In our numerical experiments, we considered a specific near-edge simulation scenario with eight uncertain inputs. The output of interest was the time-averaged electron heat flux. Simulating turbulent transport in the edge of fusion devices is, however, nontrivial. Prior to performing UQ and SA, we therefore performed preliminary runs to determine the grid resolution that ensures that the underlying high-fidelity simulations - including runs for the extrema of the parameter space, which, in turn, yield the extrema turbulent transport levels - are sufficiently accurate. The grid that provided the desired accuracy comprised more than 264 million degrees of freedom, for which the respective high-fidelity simulations performed on 16 nodes (896 compute cores in total) on a supercomputer required between 4000 and 14,000 core-hours; the average run time exceeded 8000 core-hours. We then started the sensitivity-driven dimension-adaptive refinement procedure using the aforementioned grid resolution for the high-fidelity simulations. In addition, the employed tolerances that guided the adaptive refinement procedure were 10-4. One of the strengths of the sensitivity-driven approach is that it can be easily coupled with the underlying simulation code since it only requires prescribing the simulation inputs (these are the grid points living on the sparse grid constructed via adaptive refinement) and the value of the corresponding output of interest. It was therefore trivial to couple the sensitivity-driven approach with the considered simulation scenario. The employed tolerances were reached after a mere total of 57 simulations. That is, our approach required a total of only 57 high-fidelity simulations for UQ and SA in a complex, real-world simulation with eight uncertain parameters. This was possible because out of the eight parameters, only four had non-negligible sensitivities - with two parameters being significantly more important than the other six - and, moreover, the only non-negligible interactions occurred between the important parameters. This low cost in terms of required high-fidelity simulations was a tremendous result. Moreover, the interpolation-based surrogate model for the parameter-to-output of interest mapping intrinsically provided by our method was accurate and nine orders of magnitude cheaper to evaluate than the high-fidelity model. Our goal to show that our method can allow UQ and SA at scale was therefore achieved.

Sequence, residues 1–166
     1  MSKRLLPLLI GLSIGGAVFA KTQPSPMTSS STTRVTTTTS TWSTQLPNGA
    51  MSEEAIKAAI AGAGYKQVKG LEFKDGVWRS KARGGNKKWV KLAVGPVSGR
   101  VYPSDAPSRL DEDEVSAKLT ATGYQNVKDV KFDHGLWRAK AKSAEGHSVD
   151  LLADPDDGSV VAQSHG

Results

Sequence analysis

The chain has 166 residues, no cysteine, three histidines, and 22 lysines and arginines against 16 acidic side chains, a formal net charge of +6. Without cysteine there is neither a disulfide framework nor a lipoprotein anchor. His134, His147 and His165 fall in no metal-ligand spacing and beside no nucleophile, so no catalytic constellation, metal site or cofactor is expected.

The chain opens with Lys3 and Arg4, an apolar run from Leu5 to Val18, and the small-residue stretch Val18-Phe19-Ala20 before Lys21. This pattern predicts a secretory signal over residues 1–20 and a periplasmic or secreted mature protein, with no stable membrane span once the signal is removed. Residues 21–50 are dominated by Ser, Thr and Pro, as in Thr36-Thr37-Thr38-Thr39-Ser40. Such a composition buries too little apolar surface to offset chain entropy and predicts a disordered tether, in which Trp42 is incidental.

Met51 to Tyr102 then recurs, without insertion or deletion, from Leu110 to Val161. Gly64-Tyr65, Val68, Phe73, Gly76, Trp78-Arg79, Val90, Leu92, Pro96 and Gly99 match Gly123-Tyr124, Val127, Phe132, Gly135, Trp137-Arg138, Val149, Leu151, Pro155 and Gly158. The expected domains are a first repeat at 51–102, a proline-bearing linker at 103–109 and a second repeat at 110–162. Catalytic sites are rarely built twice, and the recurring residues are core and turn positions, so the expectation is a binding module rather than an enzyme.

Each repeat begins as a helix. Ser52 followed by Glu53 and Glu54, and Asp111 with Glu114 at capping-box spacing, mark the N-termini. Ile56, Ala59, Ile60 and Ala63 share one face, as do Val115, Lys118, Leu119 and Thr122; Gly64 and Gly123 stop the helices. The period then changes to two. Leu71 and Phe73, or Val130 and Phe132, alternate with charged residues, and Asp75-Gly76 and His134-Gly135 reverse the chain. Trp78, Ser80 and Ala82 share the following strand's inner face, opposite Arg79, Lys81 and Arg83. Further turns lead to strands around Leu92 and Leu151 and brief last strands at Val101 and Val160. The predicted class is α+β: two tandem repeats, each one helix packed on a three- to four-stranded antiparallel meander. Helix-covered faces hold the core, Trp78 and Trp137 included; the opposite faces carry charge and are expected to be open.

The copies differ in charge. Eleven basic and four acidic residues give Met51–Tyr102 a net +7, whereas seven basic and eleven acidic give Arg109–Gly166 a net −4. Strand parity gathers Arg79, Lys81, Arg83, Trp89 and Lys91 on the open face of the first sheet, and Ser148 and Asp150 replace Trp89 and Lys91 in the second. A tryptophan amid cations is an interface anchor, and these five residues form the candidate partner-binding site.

Overall, this work highlighted the need and importance of interdisciplinary research and collaborations between computational scientists and domain experts in solving real-word problems through computing. We employed tools from applied mathematics such as approximation theory, tools from probability theory and statistics, but also from computer science and high-performance computing, as well as tools from (computational) plasma physics. Moreover, computational scientists collaborated with plasma physicists to address the computational challenges of performing UQ and SA in simulations of nonlinear turbulent transport in fusion devices.